Last year, Rep. Devin Nunes exposed the Department of Justice’s use of the Hillary Clinton-funded Christopher Steele dossier to obtain orders to surveil former Trump campaign foreign policy advisor Carter Page. Recently released transcripts of congressional testimony now raise the specter that the FBI also used Nellie Ohr’s opposition research in the FISA applications.
Over the last month, Georgia Republican Doug Collins, the top Republican on the House Judiciary Committee, has released a series of transcripts, including that of Department of Justice lawyer Bruce Ohr and his wife Nellie Ohr. In his congressional testimony, Bruce confirmed that he and his wife met with former MI6 spy Steele on July 30, 2016, and that during that breakfast meeting Steele shared his initial research on supposed connections between Trump and Russia. Bruce said within days he passed Steele’s information to the FBI’s then-deputy director Andrew McCabe, and that after the FBI terminated Steele as a source, Steele continued to feed Bruce information he relayed to the FBI.
During his testimony, Bruce also confirmed that his wife Nellie worked for Fusion GPS—the firm that had hired Steele to collect opposition research on Trump for the Democratic National Committee and Hillary Clinton. The DOJ attorney also revealed that after the FBI launched an investigation into the Trump campaign, his wife handed him a flash drive consisting of the Trump-Russia research she had compiled for Fusion GPS. Bruce passed Nellie’s opposition-funded research on to the FBI.
How the FBI used Nellie’s research is unclear, but a close examination of Nellie’s congressional testimony, the Steele dossier, and the FISA applications raises the real possibility that the FBI used Nellie’s work product to obtain a court order to surveil Page.
In her testimony, Nellie stated that in researching Trump and possible connections he, his family, his business, or his campaign had with Russia, she reviewed open-source material and, independent of Steele, discovered that then-campaign foreign policy advisor Page had traveled to Moscow in July 2016. While in Moscow, according to Nellie’s research, Page spoke at a university. Nellie explained that her research matched Steele’s claim that Page was in Russia in July 2016.
Steele, of course, went much further, claiming that while in Moscow Page met with Igor Sechin, a close associate of Vladimir Putin, and that the two discussed lifting sanctions against Russia. Steele’s dossier also maintained that Page spoke with Divyekin about Russia releasing damaging information about Hillary Clinton to the Trump campaign.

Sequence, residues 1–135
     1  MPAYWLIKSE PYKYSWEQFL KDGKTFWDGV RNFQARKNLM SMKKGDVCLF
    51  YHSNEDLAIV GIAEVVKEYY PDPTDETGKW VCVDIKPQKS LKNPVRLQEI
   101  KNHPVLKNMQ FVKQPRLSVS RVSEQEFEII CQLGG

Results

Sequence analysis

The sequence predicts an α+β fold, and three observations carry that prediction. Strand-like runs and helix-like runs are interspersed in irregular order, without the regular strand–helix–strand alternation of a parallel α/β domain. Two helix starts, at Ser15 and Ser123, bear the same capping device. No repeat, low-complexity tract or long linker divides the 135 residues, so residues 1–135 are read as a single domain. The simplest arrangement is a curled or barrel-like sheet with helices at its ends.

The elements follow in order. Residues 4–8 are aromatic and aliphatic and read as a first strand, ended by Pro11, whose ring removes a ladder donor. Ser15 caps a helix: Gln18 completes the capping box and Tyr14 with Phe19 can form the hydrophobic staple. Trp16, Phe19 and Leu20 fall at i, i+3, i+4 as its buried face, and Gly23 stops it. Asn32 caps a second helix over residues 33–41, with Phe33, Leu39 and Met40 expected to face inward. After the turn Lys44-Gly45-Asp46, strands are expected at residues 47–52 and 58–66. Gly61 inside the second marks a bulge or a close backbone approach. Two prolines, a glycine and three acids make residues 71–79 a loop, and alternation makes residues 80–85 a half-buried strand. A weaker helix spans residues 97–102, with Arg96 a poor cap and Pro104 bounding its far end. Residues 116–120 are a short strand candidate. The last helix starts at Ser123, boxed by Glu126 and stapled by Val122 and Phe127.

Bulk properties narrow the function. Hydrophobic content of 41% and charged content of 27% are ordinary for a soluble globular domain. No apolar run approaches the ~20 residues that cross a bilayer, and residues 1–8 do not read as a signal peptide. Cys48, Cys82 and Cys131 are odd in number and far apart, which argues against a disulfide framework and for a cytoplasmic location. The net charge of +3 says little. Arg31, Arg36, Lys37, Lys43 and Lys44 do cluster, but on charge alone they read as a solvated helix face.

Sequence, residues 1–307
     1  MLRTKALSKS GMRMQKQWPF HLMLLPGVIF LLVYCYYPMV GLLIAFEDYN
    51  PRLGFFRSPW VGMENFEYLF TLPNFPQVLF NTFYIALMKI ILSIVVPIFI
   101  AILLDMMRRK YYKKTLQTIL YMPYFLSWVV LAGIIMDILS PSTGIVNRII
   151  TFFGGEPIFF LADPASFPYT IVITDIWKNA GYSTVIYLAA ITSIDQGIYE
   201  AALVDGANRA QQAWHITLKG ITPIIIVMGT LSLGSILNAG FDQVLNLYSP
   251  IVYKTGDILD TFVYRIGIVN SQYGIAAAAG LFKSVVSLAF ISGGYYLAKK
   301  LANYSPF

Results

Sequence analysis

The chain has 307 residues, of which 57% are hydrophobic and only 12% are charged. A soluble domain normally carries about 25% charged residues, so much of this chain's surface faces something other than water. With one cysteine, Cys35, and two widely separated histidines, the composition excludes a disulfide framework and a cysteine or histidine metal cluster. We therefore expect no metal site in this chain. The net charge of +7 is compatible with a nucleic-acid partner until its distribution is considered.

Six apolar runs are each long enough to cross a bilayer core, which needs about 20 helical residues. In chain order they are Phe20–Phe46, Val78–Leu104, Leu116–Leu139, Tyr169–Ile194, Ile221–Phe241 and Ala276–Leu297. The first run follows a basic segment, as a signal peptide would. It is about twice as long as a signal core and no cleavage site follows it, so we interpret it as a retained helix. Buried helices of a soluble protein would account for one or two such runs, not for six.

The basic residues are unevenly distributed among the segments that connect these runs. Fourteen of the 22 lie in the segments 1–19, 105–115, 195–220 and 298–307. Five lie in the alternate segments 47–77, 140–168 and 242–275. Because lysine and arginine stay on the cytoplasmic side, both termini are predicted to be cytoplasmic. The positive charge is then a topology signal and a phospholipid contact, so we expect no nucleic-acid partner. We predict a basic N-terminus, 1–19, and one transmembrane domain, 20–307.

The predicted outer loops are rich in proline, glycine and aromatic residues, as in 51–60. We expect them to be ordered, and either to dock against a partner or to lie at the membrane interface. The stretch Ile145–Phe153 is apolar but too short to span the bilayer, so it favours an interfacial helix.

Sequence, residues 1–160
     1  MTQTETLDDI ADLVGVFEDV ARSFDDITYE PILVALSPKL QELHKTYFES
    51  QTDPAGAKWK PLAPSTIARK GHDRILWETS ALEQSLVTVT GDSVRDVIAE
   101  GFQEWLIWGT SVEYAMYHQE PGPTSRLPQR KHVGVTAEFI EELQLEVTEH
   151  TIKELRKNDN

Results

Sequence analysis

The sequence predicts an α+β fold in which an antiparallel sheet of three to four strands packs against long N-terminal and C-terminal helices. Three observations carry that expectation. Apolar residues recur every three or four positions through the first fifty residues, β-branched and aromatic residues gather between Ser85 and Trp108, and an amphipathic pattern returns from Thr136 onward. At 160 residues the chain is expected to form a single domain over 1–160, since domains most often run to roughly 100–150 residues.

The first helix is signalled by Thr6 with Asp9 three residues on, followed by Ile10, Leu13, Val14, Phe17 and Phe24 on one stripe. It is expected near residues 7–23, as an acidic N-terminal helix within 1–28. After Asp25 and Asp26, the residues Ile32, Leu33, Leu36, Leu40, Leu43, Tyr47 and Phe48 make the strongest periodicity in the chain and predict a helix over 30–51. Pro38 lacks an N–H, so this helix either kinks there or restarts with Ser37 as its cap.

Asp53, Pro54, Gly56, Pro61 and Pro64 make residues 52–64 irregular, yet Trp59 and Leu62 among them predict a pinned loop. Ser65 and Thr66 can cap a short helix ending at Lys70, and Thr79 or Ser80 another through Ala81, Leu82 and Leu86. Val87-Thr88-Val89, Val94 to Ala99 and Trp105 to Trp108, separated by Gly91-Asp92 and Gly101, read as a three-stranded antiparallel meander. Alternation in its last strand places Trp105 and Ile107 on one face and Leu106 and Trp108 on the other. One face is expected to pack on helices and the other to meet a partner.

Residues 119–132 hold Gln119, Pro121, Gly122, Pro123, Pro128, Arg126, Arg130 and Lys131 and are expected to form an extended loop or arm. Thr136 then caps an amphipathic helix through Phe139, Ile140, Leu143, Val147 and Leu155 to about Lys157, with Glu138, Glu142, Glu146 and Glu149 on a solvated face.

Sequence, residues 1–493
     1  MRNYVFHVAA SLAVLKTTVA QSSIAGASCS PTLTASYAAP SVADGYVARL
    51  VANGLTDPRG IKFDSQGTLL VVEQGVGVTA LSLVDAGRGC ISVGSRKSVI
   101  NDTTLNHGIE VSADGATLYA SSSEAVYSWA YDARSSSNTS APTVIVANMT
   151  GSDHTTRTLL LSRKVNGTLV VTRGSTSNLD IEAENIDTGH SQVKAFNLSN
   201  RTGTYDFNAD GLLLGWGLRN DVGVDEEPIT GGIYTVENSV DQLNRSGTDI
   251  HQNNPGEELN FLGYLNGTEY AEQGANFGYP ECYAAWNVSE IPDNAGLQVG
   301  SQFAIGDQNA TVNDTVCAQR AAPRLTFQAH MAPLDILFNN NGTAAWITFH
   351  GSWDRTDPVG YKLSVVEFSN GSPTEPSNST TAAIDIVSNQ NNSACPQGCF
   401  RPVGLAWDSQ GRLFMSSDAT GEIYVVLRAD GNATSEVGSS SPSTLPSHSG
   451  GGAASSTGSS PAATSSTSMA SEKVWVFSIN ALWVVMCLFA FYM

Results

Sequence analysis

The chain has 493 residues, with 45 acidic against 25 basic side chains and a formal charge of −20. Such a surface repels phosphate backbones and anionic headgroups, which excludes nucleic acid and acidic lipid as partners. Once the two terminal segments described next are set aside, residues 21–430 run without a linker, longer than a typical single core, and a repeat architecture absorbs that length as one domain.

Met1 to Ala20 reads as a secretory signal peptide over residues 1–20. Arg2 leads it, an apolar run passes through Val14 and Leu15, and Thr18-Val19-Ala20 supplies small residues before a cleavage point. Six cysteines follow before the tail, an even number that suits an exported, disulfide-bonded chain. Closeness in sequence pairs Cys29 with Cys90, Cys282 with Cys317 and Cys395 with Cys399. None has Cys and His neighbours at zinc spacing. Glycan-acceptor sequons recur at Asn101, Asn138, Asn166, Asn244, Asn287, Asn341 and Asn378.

In seeking a FISA order to surveil Page, the DOJ relied extensively on the Steele dossier, and Page’s purported interactions with Sechin and Divyekin, telling the secret court that “the FBI has learned that Page met with at least two Russian officials during this trip.” In an extended footnote, the FISA application also discussed Steele’s role as the source of this information.
However, immediately preceding the discussion of Steele’s “intel,” the FISA application stated that “[a]ccording to open source information, in July 2016, Page traveled to Russia and delivered the commencement address at the New Economic School.” This claim mirrors Nellie’s testimony of her open source research, leading one to wonder whether the FBI relied on Nellie’s Democratic-funded opposition research in crafting the FISA application.
It is impossible to tell from the FISA application because the footnote related to that passage is entirely redacted—even though it came from “open source information!” Why? What lies beneath the redaction? And what other details included in the FISA applications might have their genesis in the reports Nellie complied for Clinton and the DNC?
Further, even if the FBI did not rely on Nellie’s research, the fact that publicly available information revealed Page’s trip to Moscow underscores the deficiencies in the FISA applications. The FISA applications relied extensively on Steele’s unverified dossier, including hearsay from sub-sources of unknown reliability.
Also, while there was no corroboration of the sub-sources’ tips regarding Page’s purported criminal conduct, the FISA applications sought to strengthen the believability of the unverified claims by highlighting Page’s presence in Moscow at the time of his supposed meeting with Putin’s associations. Yet such open source information cannot legally corroborate an informant’s tip. The DOJ and FBI knew this, but then again, they also knew better than presenting the unverified Steele dossier to the FISA court.
Americans concerned with the rule of law and the abuse of power running rampant during the Russia collusion investigation have long condemned the government for relying on the Steele dossier. Now they must ask themselves whether Nellie Ohr’s research also paved the way for the government to spy on Page.